Josh Barro has posited that the Washington Post is failing because it leaned too hard into its anti-Trump branding and couldn’t figure out how to pivot in the new era. This explanation always felt right to me. The Post gave itself a new tagline, “Democracy Dies in Darkness,” and positioned itself fully as a liberal outpost for those most alarmed by Trump’s autocratic impulses. The Times, in essence, did the same thing, but also didn’t throw every single egg into the anti-Trump basket. Its leadership was savvy enough to realize it still had to be the Paper of Record for the United States and offer a compelling product for those who were not addicted to politics from 2016 through 2020. The Times wanted to be the place where you read up on business trends, play your puzzles, and consume splashy features on the national scene. Its international coverage remains the standard bearer. If the Times was rolling back its metro coverage—slashing the standalone print section, ditching granular reporting on the five boroughs and suburbs, laying off its city columnists—it was aggressively making the rest of the product something that was, no matter your inclinations, subscription-worthy. I have biases here, as someone who is a contributing writer to the Times Magazine, and I think the institution is far from infallible. But the Sulzbergers have done, unquestionably, an effective job steering the ship through the media upheaval of the twenty-first century.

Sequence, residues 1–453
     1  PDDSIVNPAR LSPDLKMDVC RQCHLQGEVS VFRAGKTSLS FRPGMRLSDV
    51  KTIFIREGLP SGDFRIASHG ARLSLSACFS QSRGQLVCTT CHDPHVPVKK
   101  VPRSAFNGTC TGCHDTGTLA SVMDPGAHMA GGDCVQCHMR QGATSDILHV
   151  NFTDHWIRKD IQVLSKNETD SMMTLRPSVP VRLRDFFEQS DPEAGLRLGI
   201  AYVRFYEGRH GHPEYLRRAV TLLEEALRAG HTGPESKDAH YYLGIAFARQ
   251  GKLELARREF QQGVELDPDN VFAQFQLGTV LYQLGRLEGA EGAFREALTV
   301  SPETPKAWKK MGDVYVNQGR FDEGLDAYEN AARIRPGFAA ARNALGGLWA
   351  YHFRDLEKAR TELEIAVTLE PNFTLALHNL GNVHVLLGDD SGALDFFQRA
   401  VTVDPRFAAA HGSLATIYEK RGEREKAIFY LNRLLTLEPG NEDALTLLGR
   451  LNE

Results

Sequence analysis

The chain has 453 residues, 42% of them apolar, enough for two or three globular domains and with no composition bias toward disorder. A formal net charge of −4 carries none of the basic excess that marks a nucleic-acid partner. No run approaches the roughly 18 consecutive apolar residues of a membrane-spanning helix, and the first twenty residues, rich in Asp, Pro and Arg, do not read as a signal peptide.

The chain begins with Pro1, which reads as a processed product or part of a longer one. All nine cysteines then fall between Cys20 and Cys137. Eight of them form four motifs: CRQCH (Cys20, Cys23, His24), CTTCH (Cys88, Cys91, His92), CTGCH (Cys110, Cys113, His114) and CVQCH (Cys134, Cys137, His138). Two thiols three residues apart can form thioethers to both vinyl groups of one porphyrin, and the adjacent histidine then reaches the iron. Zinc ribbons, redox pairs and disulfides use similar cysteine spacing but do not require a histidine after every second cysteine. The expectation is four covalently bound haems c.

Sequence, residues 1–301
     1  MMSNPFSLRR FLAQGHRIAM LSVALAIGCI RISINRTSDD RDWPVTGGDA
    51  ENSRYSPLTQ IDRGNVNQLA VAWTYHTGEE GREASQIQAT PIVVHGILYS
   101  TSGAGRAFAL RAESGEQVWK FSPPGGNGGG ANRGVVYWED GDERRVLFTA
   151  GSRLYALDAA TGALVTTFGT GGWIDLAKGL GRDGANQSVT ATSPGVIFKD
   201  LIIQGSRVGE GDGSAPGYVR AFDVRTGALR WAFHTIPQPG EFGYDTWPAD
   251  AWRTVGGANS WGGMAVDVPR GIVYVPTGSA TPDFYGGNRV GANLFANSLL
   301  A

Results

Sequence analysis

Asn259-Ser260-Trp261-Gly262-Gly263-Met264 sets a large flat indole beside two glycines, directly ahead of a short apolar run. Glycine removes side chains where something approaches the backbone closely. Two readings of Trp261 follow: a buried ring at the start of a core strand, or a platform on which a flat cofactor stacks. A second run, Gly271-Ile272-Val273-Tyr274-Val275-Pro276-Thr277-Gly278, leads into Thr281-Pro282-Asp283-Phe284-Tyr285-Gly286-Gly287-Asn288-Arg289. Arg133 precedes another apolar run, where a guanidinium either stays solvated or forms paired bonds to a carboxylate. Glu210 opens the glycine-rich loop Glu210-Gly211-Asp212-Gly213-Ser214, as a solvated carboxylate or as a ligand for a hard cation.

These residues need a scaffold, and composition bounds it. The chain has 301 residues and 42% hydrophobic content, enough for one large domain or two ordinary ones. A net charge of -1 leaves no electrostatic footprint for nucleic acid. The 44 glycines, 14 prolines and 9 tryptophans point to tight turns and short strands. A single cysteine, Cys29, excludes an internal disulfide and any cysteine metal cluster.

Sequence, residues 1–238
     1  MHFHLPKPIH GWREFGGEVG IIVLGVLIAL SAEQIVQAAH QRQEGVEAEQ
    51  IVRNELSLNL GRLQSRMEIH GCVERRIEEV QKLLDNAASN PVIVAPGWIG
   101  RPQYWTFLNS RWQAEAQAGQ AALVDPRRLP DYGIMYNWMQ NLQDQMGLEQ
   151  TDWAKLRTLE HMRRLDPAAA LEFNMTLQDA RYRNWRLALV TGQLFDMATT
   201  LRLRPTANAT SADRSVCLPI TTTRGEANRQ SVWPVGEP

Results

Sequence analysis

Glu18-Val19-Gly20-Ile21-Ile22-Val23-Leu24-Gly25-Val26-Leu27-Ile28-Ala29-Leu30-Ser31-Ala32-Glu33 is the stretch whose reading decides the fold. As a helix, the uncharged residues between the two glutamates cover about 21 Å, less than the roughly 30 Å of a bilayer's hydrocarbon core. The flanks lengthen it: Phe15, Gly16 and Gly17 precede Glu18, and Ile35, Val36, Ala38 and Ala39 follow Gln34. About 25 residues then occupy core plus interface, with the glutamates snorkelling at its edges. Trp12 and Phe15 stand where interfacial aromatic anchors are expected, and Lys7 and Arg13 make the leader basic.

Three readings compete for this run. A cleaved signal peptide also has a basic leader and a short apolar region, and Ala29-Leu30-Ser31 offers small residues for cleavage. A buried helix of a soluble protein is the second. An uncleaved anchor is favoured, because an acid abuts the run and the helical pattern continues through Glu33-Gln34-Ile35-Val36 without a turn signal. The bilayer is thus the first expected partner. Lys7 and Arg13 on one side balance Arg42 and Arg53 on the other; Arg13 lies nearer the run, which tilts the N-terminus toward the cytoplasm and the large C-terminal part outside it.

Here’s a thought experiment: if you subscribe to the Times and read Politico for free, why would you pay to read the Washington Post? If the Times is one of the few winners during this economic cataclysm for conventional newspapers, Politico is another. Founded just before the sexier start-ups of the 2010s, Politico has become a leading national politics publication with a genuine foothold in Europe. Politico does what it does very well: report tirelessly on politics and policy from a Beltway perspective. They pioneered and still dominate the morning email space. They also have a very good media columnist in Jack Shafer and produce memorable features, like this one on Bernie Sanders. If you want to know what’s going on with Congress and the White House and occasionally freshen up on foreign affairs, Politico is as fine a choice as any. Their business model isn’t terribly complicated: they sell privileged information to lobbyists, corporations, and other business interests through Pro subscriptions. A lot of Politico isn’t behind Pro and this is why it’s still well-read. Building a publication predicated, in part, on ferrying informational nuggets to the privileged is far from ideal, but it’s what underwrites everything else. Politico has been smart, too, about building bureaus in lucrative markets like New York and California. When it comes to coverage of City Hall and Albany, particularly the New York Playbook, Politico is difficult to beat.